Yeti illustration in "monsters and mythic beasts (1975)
The alleged gin-sung track found by Josh
Gin sung, also called dzu teh, glacier giant, dre mo; or the abominable snowman by westerners is the name given to a neo giant inhabiting the lowland temperate rainforest covered valleys of the Himalayan mountains in Tibet, Nepal, Bhutan and the state of Sikkim in India.
Gin sung are seven to eight feet tall, with stocky bodies and enormous barrel-like torsos. They have small pointed heads, have no visible neck, and have a large brow ridge. Their long arms reach down to their knees and are covered in dark red hair similar to an orangutan and sometimes brown. They eat fruit and small mammals and are said to occasionally kill large prey, even yaks. They make nests out of branches and leaves and hide in them during the day.
They are rarely seen in their habitat and are more commonly seen crossing from valley to valley via mountains, causing the misconception that that is where they live. Gin sung are very fearsome, but are ultimately just curious, and seem harmless to humans.
Although folklore of the gin sung is ancient, dating back to as much as 2000 BCE, the first written mention of the gin sung was in the Classic Of Mountains And Seas from the 4th century.
In 1888, explorer William Knight saw a six-foot-tall gin sung foraging for roots on a mountain. In 1942, seven inmates escaped a gulag and travelled to India on foot across the Himalayas. One of the inmates, Slavomir Rawicz, wrote a book on their journey called The Long Walk. While walking through a plateau in Tibet, Slavomir and his companions came across two gin sung, just 100 yards away from them. They were both around eight-feet tall, with one being slightly shorter. Their shoulders sloped down to a powerful chest and their long arms had their wrists at the same level as their knees. The two gin sung noticed them but didn’t seem to care and they both casually walked away.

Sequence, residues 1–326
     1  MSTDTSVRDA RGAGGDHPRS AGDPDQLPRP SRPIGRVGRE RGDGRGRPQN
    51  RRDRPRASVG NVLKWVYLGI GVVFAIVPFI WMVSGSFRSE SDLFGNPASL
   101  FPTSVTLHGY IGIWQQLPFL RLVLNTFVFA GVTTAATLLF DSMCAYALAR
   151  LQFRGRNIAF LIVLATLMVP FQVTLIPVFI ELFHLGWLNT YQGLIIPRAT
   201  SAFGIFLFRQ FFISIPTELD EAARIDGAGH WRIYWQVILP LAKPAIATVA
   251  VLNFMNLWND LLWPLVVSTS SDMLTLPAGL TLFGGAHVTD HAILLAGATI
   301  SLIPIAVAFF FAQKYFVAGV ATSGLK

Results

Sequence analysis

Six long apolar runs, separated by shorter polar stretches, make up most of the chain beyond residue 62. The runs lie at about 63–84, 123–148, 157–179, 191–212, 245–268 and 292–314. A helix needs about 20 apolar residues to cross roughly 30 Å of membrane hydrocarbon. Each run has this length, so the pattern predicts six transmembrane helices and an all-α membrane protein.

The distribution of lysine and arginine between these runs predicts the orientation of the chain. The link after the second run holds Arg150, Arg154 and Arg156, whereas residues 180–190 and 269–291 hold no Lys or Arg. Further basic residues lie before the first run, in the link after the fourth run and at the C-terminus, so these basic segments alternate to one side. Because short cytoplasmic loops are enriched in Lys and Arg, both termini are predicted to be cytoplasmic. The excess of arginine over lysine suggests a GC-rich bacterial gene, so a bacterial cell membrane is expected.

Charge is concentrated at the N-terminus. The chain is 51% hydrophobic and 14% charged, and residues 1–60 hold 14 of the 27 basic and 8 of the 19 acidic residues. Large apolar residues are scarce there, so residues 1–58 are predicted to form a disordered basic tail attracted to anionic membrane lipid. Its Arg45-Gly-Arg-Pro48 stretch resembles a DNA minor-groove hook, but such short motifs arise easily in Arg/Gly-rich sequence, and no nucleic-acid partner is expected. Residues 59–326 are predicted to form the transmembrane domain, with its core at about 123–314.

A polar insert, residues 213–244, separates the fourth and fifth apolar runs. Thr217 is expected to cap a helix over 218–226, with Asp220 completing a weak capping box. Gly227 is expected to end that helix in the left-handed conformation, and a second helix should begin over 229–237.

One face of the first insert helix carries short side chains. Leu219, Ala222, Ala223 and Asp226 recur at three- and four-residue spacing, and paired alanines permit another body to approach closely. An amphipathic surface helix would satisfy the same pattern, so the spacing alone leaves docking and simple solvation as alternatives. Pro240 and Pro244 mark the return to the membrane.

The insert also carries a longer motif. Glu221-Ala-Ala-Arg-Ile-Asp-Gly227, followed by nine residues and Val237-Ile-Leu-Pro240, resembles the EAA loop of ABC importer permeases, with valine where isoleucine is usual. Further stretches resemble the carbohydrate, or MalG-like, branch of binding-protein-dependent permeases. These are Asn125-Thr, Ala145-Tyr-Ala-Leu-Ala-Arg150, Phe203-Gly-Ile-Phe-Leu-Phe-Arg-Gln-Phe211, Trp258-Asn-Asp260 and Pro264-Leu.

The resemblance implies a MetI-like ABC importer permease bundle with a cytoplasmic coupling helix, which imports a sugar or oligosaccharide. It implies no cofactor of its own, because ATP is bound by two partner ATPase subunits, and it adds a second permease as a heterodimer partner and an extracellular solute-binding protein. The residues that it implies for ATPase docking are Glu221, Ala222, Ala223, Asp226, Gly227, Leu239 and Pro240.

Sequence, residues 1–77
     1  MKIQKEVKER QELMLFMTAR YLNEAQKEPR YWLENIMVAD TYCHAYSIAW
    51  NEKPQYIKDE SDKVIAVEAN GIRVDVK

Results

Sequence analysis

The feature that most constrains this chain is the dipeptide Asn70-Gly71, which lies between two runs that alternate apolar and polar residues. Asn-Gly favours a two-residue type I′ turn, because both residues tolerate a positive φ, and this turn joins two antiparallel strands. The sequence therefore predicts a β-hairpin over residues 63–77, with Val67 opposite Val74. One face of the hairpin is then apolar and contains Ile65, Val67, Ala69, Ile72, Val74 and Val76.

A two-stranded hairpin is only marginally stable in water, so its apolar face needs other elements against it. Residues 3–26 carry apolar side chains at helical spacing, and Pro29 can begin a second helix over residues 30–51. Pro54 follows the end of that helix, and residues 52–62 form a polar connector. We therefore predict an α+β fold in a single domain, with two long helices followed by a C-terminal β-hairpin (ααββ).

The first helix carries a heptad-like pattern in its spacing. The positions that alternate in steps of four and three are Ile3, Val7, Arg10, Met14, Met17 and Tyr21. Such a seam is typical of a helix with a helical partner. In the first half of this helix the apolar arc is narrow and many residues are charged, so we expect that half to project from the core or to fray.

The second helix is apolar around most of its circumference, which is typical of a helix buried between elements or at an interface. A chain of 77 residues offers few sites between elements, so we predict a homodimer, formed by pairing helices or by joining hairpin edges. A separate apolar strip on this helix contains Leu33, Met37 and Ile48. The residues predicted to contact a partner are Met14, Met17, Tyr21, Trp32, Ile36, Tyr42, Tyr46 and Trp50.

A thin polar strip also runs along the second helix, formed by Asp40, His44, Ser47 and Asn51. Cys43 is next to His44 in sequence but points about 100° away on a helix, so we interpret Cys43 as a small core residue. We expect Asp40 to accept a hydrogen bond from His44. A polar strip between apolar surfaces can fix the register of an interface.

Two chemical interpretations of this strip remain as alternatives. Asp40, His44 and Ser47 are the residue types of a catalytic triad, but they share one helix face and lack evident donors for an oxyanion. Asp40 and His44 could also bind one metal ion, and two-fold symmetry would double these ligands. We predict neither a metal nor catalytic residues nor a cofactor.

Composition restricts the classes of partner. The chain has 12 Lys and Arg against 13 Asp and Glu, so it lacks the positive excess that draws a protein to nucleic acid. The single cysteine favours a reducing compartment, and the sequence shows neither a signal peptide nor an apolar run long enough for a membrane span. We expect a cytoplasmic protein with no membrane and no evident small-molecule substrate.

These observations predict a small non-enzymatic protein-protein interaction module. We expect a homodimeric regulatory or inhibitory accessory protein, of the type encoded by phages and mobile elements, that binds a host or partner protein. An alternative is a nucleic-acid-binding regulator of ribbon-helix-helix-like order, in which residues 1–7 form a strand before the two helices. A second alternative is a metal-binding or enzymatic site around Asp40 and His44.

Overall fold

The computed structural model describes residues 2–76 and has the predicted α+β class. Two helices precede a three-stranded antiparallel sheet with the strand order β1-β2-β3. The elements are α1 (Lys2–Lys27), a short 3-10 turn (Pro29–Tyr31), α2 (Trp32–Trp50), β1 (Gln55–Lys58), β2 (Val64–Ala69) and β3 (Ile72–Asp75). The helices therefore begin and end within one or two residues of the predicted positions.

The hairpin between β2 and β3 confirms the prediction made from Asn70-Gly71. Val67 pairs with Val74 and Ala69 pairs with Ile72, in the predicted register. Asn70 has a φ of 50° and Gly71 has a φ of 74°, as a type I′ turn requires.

In 1953, gin sung tracks were found by famous explorer Edmund Hillary in the Barun Khola range. The next year, two British members of Hillary’s team discovered gin sung tracks in the Choyang Valley.
In 1960, a Sherpa man was watching his cows when a gin sung ran into the pasture whistling. It grabbed onto one of their yaks and snapped its neck and ate it. By the time it was done, the only thing left was bones and intestines. In 1970, mountaineer Don Whillans claimed to have seen through his binoculars a gin sung lumbering through the snow on four legs.
In 1981 or 1982, a shepherd named Nima saw a gin sung approaching in the Ka Zong pasture. He hid in a rock shelter that was too small for the Gin sung to enter. It stayed at the entrance making gurgling, whooping and panting noises before giving up and walking away.
In 1994, five shepherds from Lanbu, Tibet kidnapped a female gin sung and its babies and killed them and dumped their bodies in the mountains, fearing they would attack their livestock. In 2007, Josh Gates was trying to look for the yeti for the tv show Destination Truth, when he came across a foot-long track appearing to be that of a gin sung.